12 Worst States for Working From Home

Many American businesses have adopted a work-from-home structure during the pandemic.

In a new report, WalletHub notes that people who are allowed to work from home may not always have the best environment in which to do so. It said the best work-from-home conditions include low costs, reasonable comfort and a high level of security, and these depend on where one lives.

WalletHub researchers looked at the 50 states and District of Columbia to find out how easy it is to work from home across the U.S., comparing the 50 states and the District of Columbia across the dimensions of “work environment” and “living environment.”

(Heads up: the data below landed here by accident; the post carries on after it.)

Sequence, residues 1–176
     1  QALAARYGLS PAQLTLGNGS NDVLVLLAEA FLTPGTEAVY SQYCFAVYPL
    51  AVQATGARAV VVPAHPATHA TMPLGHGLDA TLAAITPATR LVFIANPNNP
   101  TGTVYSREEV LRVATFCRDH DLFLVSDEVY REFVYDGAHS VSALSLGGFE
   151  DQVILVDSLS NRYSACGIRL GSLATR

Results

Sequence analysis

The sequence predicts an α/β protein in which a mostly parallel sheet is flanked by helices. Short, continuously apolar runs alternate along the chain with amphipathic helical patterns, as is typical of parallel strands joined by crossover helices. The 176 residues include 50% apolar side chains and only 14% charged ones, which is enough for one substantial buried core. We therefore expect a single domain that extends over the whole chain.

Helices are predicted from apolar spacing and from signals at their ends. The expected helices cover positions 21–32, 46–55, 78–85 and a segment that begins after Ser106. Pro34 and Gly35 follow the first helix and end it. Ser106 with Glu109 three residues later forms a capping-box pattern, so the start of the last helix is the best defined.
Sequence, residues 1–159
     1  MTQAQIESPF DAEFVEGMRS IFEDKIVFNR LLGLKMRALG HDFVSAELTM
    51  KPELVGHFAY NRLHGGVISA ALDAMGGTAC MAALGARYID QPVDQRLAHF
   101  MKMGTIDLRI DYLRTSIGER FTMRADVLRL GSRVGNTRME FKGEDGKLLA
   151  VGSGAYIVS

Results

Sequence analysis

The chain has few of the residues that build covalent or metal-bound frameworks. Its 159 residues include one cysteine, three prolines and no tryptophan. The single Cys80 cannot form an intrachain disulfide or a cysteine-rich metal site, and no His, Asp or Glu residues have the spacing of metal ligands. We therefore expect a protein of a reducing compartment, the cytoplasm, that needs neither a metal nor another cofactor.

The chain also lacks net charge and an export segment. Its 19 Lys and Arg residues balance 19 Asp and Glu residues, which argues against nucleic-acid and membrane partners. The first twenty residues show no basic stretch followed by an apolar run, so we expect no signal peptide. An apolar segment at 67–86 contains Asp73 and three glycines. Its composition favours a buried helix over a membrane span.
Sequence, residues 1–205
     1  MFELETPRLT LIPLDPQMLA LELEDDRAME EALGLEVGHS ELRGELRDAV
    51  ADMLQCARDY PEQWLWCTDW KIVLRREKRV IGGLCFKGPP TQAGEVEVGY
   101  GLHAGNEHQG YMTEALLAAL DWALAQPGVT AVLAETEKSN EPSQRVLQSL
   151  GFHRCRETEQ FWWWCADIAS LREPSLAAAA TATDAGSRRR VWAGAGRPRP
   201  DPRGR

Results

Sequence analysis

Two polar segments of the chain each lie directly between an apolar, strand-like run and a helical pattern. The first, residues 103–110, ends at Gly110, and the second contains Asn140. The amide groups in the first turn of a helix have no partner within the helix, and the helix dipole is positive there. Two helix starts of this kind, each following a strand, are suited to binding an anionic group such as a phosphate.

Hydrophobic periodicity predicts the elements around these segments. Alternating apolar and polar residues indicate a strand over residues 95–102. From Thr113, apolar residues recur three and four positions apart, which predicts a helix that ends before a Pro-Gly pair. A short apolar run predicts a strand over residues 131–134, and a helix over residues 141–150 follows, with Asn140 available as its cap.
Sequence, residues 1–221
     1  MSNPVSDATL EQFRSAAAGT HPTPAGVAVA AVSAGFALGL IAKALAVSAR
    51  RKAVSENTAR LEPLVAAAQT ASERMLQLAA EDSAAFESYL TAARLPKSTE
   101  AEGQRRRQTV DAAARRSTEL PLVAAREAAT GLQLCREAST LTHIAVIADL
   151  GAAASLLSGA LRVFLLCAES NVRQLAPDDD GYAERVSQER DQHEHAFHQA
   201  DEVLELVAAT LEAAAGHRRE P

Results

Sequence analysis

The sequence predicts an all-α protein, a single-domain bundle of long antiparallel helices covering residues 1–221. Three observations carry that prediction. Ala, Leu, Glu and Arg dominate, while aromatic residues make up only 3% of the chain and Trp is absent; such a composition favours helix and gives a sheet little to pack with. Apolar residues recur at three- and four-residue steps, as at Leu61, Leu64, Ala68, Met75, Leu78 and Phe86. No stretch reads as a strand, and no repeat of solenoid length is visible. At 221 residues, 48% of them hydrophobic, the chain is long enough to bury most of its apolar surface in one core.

Work environment metrics included the share of workers able to telecommute, the share of workers actually doing so, internet access and the number of internet-based crimes per capita. Living environments were graded on factors like home size and the cost of power and internet. The share of homes with swimming pools was given a small weight, too.

They used 12 metrics, grading each one on a 100-point scale, with a score of 100 representing the best infrastructure, then determined each state and the District’s weighted average across all metrics to calculate its overall score.

See the gallery for the 12 worst states for working from home.

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